Hiram N. Collins and Charles T. Barnard, inspectors, and Wm. M. Hastings, clerk, were duty sworn by Ammon Brown, and the following officers were elected:

President, William R. Corlett; Recorder, Wm. M. Hastings; Treasurer, Ammon Brown; Trustees, Jacob D. Bunting, Frederick Marker, Sr., Thomas Morrison, Israel Bell, John J. Palmer.

The council was duly organized and the first meeting held April 20, 1869, at which time Stephen T. Curtiss was appointed marshal, and Andrew L. Chase, street commissioner. The subsequent officers have been:

1870 - President, David Walker and Ammon Brown, each part of a year; Clerk, James R. Hosie; Treasurer, Henry S. Kilburn; Trustees, A. C. Pitcher, Wm., Booth, Henry N. Wilford, John S. Wegler, Ammon Brown.

1871 - President, Thomas Morrison; Recorder, George W. Bedell; Treasurer, Henry S. Kilburn; Trustees, O. C. Abell, L. T. Blount, I. Bell, Wm. A. Pettingill, O. E. Warner.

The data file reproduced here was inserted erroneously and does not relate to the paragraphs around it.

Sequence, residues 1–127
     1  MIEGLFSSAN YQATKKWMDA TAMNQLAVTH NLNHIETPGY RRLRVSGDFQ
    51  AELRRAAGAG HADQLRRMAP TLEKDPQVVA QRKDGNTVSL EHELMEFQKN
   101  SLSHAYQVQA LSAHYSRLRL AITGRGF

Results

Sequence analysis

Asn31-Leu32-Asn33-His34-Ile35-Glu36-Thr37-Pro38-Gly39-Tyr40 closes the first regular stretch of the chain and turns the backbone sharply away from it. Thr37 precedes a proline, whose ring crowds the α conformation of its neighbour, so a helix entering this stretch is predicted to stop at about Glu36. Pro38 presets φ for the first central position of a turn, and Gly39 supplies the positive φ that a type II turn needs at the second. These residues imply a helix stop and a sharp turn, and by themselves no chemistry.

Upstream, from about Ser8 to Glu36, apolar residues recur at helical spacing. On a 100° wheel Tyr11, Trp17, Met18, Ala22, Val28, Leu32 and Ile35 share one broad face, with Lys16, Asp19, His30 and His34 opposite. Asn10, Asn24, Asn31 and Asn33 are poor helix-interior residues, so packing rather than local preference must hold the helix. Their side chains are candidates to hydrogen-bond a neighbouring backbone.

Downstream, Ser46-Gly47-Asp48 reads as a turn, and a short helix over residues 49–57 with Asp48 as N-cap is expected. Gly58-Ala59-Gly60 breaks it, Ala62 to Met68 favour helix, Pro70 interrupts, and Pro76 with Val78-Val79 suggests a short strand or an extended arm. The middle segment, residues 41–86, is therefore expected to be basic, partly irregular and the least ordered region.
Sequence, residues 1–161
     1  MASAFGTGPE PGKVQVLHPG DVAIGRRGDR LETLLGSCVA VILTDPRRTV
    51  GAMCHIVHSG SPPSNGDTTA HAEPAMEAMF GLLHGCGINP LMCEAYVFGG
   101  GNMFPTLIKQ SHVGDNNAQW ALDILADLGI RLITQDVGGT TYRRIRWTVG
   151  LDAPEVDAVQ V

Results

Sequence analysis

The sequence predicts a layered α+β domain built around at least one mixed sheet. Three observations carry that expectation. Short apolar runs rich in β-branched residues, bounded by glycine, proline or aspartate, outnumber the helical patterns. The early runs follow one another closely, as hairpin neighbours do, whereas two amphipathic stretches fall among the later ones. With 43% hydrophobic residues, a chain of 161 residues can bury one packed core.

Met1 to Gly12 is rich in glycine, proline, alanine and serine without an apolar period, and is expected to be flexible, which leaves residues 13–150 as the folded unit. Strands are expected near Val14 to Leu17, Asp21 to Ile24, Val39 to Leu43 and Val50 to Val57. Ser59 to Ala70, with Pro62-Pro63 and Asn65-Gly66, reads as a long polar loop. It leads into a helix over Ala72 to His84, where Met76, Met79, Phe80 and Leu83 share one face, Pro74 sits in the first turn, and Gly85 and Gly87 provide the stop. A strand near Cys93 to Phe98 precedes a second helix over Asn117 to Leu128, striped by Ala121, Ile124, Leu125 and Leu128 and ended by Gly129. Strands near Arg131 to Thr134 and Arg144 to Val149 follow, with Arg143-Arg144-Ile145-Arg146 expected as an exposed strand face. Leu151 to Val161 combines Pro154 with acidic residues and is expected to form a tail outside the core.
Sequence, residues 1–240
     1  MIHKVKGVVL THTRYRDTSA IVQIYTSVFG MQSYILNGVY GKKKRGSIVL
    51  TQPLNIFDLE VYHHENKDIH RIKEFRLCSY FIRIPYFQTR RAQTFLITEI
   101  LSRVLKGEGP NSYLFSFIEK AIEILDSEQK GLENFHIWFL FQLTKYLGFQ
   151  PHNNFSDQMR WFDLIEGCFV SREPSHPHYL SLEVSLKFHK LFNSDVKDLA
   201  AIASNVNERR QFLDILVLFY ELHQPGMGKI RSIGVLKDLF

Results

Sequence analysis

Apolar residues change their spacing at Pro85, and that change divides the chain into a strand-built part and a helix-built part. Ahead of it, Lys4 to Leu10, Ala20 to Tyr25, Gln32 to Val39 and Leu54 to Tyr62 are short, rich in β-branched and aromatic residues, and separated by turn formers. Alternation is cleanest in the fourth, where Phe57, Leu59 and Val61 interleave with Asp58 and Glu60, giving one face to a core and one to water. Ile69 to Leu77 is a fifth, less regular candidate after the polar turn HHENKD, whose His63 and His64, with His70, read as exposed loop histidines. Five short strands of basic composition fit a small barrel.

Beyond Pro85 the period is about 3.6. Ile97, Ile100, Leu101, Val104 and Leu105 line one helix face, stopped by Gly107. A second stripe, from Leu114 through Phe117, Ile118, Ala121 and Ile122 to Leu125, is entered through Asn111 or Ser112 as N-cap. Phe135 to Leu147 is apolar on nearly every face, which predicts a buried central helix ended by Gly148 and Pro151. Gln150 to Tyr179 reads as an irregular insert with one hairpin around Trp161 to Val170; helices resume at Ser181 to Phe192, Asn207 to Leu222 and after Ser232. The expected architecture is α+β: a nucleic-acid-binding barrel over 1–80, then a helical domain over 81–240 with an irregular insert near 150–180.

1872 - President, William C. Steers; Recorder, Theodore E. Deming; Treasurer, Henry S. Kilburn; Trustees, J. F. Hammon, L. E. Doolittle, S. D. Smith, W.W. Bailey, J. R. Brace.

1873 - President, Oliver C. Abell; Recorder, Theodore E. Deming; Treasurer, Henry S. Kilburn; Trustees, L. E. Doolittle, J. F. Hammon, L. T. Blount, E. Derby, I. Stevenson.

1874 -  President, Charles H. Cady; Recorder, Curtis Brace; Treasurer, Henry S. Kilburn; Trustees, W. A. Pettigill, J. F. Hammon, W. Blain, A. L. Chase, H. Loss.

1875 - President, O. C. Abell; Recorder, Theodore E. Deming; Treasurer, Henry S. Kilburn; Trustees, W. C. Steers, I. Bell, F. H. Hubbard, H. L. Bedell, with L. E. Doolittle, and Thomas Morrison, each part of a year.

1876 - President, William R. Corlett; Recorder, George McGuire; Treasurer, John S. Egeler; Trustees, J. O'Connor, W. Pettigill, C. H. Cady, S. W. Walker, J. R. Hosie.